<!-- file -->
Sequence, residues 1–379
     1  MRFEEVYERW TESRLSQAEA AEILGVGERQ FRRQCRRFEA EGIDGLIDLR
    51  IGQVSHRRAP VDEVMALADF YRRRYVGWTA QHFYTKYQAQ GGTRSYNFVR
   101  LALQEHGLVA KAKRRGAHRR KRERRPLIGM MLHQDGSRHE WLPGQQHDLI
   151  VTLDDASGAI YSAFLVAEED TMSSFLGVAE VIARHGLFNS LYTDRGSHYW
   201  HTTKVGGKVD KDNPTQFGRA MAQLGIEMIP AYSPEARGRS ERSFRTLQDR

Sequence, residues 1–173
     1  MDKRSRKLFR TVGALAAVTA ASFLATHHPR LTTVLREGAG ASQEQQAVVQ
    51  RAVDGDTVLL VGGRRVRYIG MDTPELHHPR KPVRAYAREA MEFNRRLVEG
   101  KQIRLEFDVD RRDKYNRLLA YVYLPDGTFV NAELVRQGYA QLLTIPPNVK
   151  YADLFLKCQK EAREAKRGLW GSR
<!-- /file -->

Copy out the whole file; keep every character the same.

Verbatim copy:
Sequence, residues 1–379
     1  MRFEEVYERW TESRLSQAEA AEILGVGERQ FRRQCRRFEA EGIDGLIDLR
    51  IGQVSHRRAP VDEVMALADF YRRRYVGWTA QHFYTKYQAQ GGTRSYNFVR
   101  LALQEHGLVA KAKRRGAHRR KRERRPLIGM MLHQDGSRHE WLPGQQHDLI
   151  VTLDDASGAI YSAFLVAEED TMSSFLGVAE VIARHGLFNS LYTDRGSHYW
   201  HTTKVGGKVD KDNPTQFGRA MAQLGIEMIP AYSPEARGRS ERSFRTLQDR

Sequence, residues 1–173
     1  MDKRSRKLFR TVGALAAVTA ASFLATHHPR LTTVLREGAG ASQEQQAVVQ
    51  RAVDGDTVLL VGGRRVRYIG MDTPELHHPR KPVRAYAREA MEFNRRLVEG
   101  KQIRLEFDVD RRDKYNRLLA YVYLPDGTFV NAELVRQGYA QLLTIPPNVK
   151  YADLFLKCQK EAREAKRGLW GSR